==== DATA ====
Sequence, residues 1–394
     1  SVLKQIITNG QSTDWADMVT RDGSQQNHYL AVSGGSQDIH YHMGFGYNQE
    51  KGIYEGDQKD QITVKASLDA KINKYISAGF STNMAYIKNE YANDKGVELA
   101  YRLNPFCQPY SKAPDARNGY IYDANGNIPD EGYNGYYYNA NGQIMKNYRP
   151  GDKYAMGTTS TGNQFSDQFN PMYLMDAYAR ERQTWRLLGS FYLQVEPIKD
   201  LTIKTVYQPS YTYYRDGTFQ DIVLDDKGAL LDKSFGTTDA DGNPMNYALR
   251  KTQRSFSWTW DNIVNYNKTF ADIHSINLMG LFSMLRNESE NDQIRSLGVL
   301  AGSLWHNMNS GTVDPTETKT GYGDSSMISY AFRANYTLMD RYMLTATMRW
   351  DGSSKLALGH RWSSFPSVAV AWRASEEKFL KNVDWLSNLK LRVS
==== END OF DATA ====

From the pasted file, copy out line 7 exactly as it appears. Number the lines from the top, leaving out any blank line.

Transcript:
   251  KTQRSFSWTW DNIVNYNKTF ADIHSINLMG LFSMLRNESE NDQIRSLGVL